Ready For Regulations, Part II: Tools for Tracing  

In this series’ first post, we went over how to update regulations online beyond the e-Laws and Justice Laws currency date. This week, we’ll be reviewing some tools and tips to help you find and trace back regulations. 

Historical research involving regulations can be fun and interesting but also very time-consuming since the task usually requires deciphering source notes alongside searching the Gazettes. We covered how to read source notes (or breadcrumbs) in this post, but what if you have trouble during the preliminary research stage? Before digging into the source notes to locate amendments, where can you look to identify the regulation you are tracing? 

Unfortunately, there are no comprehensive subject indexes to assist you in finding regulations. Instead, finding regulations is done in two ways: by citation AND/OR by referencing the enabling act (usually alphabetically listed).

Finding Regulations Online 

You can find historical versions of consolidated regulations going back to January 2, 2004 on e-Laws, and March 22, 2006 for Justice Laws (except Income Tax Regulations which go back as far as August 31, 2004). For information on where to find regulations online prior to these date ranges, check out the Great Library’s LibGuide: On The Web: Where to Find Canadian Legislation, and for navigating older issues of the Canada Gazette online, check out: Finding Archived Canada Gazette Material Online. 

If you would like to search for a regulation by citation, here are some tips to help you retrieve on-point results: 

Searching by citation on Justice Laws 

Click on “Advanced Search” located on the left-hand side menu. Select Regulations from the “Search in” drop down menu and enter your citation in the “Chapter/Registration #” field. 

Screenshot of advanced search form on Justice Laws website, highlighting the Chapter/Registration number field and the Search in field. For the Search In field, select Regulations in the dropdown menu.

Searching by citation on e-Laws  

In the “Search” tab (located on the left side of the page) type in the regulation number (i.e., “O Reg 477/18”) in the search box. Make sure you use quotation marks and click the “Use exact search” checkbox. 

Select “Consolidated law” from the results filter and “Regulations” from the “Results for” drop-down menu. 

Screenshot of e-Laws search results page, showing 1 result. The regulation's citation was entered into the keyword search with quotation marks; the Use exact search checkbox and the Consolidated Law button were selected.

Finding Aids 

The Consolidated Index of Statutory Instruments (Federal) and the Table of Regulations (ON) are tools which can help streamline the process of tracing back regulations. 

Using the Consolidated Index of Statutory Instruments (Federal) 

The Consolidated Index of Statutory Instruments is a quarterly updated publication (available online and in print!) of the Canada Gazette Part II. It cumulatively lists all federal regulations from 1955 to the present consolidation that are still in effect.   

Depending on whether you know the regulation by name OR by its enabling statute, the two tables contained in the Index can help you find the history for each Regulation.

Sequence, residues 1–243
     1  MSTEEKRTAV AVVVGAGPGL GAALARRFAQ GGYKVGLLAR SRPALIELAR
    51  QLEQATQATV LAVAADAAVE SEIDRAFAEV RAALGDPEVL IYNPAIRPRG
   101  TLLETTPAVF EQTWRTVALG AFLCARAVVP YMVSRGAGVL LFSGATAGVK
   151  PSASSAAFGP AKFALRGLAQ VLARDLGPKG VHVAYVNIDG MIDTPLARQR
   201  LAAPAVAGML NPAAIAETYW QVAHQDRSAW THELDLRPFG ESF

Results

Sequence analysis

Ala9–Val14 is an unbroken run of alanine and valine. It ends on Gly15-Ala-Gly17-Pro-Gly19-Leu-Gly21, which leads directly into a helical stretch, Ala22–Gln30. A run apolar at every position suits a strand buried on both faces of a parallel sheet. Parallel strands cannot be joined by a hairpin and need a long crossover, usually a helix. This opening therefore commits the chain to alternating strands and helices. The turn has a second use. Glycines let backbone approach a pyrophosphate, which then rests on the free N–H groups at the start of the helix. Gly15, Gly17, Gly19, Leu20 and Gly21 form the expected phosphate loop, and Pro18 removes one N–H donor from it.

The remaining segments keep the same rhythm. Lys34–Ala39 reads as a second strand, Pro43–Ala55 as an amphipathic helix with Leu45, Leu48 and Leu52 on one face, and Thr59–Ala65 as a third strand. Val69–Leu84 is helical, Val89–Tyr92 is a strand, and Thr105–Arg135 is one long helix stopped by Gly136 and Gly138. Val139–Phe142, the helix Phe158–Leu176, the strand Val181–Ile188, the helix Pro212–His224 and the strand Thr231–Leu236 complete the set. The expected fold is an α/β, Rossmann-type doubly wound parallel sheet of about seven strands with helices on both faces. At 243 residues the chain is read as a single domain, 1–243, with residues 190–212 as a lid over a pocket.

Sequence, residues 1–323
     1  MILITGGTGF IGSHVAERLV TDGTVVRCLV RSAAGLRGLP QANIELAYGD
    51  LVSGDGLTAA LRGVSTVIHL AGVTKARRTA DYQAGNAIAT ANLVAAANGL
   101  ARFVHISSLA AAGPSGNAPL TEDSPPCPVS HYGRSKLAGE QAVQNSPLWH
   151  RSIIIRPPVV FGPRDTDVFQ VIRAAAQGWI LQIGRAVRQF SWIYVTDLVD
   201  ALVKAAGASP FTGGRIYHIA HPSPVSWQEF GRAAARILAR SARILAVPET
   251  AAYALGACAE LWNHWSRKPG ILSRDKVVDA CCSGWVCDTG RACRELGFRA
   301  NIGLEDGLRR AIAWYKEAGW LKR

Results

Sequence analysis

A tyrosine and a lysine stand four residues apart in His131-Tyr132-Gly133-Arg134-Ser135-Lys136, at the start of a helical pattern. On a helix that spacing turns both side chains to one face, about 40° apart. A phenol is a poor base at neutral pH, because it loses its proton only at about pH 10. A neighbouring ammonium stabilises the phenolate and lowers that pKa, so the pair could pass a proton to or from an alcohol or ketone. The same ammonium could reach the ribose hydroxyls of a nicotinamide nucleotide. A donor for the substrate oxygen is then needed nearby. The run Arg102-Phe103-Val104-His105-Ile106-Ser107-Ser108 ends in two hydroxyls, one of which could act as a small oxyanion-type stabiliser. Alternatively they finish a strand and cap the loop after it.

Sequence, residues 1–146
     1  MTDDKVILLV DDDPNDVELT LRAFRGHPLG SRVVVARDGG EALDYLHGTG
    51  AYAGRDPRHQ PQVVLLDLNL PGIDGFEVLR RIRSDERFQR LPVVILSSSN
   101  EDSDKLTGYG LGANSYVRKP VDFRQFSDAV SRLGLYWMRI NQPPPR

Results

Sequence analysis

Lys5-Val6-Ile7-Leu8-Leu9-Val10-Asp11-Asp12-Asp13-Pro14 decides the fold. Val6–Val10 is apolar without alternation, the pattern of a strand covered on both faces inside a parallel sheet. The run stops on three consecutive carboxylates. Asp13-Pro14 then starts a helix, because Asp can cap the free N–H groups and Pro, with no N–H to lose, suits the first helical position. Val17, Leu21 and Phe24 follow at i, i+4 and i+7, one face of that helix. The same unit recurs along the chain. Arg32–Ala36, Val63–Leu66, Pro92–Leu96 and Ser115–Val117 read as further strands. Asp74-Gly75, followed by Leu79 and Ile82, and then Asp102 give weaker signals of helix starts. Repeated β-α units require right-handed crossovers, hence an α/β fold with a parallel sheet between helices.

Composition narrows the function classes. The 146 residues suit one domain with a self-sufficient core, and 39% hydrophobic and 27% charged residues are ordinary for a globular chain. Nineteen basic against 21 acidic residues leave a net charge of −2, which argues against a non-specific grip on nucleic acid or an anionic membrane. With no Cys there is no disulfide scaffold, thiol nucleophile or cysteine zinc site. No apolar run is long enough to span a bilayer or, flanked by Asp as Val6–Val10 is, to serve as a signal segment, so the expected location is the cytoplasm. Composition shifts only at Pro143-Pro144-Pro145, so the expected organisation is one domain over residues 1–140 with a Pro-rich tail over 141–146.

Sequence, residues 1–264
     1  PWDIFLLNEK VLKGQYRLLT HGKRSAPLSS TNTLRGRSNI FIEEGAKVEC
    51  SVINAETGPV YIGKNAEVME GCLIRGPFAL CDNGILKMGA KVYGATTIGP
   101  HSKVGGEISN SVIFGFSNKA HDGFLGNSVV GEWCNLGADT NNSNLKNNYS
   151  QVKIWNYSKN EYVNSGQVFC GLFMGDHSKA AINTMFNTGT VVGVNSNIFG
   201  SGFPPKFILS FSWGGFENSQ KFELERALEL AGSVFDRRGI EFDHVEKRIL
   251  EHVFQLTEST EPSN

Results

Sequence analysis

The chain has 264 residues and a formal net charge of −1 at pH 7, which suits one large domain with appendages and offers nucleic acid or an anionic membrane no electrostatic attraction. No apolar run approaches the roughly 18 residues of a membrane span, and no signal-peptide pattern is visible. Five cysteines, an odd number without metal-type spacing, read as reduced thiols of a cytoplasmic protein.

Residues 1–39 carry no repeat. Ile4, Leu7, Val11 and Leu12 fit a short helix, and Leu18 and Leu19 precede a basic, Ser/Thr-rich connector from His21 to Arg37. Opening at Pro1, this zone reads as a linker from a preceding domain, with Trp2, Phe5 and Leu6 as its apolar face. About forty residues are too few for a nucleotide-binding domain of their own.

• Table One – Regulations are listed alphabetically 
    Use this table first if you know the name of the Regulation and need to find out the title of the enabling statute. Already know the enabling statute? Skip ahead to Table 2.  
  • Table Two– Regulations are listed by the enabling statute 
    This table provides citations to where regulations and their amendments can be located. 

Once you locate your Regulation in Table Two, the source notes will most likely refer you to one of the following:  

  • The CRC 1978 – The Consolidated Regulations of Canada (available in print at the Great Library and online through HeinOnline) OR  
  • A Statutory Orders and Regulations (SOR) citation containing the year they were filed, and a number representing the successive order. 

For example, the citation for the Fertilizers Regulations, C.R.C., c. 666 under the Fertilizers Act (pictured below) refers to Chapter 666 from the 1978 consolidation: 

Screenshot of the Consolidated Index of Statutory Instruments, amendment history of sections 1-2 of the Fertilizers Regulations, C.R.C., c. 666 listed under the Fertilizers Act.

Whereas the source note for “s.2, heading,” points to a Statutory Orders and Regulations (SOR) citation. SOR/97-7 is the 7th regulation filed in 1997; use this citation to help locate the issue it was published in the Canada Gazette Part II.  

For regulations that were made after the last printed Federal consolidation (CRC 1978), the source notes will almost always direct you to the Canada Gazette Part II. 

Using the Table of Regulations (ON) 

In Ontario, a Table of Regulations containing a cumulative listing of amendment information was published within each volume of the annual statutes (now the Table is online). Under each statute (organized alphabetically) is a list of regulations made under that act, along with citations and amendment information.  

For example, we can find the changes made to the General Regulation (O. Reg. 505/80) under the Hotel Fire Safety Act between 1980-1984. By referencing the 1984 Table of Regulations, we see that it was revoked and replaced by O. Reg. 223/84, which was published in the Ontario Gazette’s April 28, 1984, issue.

Screenshot of the Table of Regulations from the 1984 volume of annual statutes; Hotel Fire Safety Act, General Regulation amendment history.

Want to find out more about using tables on e-Laws? Check out our blog post: Turning the tables on legislative research

Finding Regulations in Print  

For information on where to find historical regulations prior to what is available online, check out our blog posts: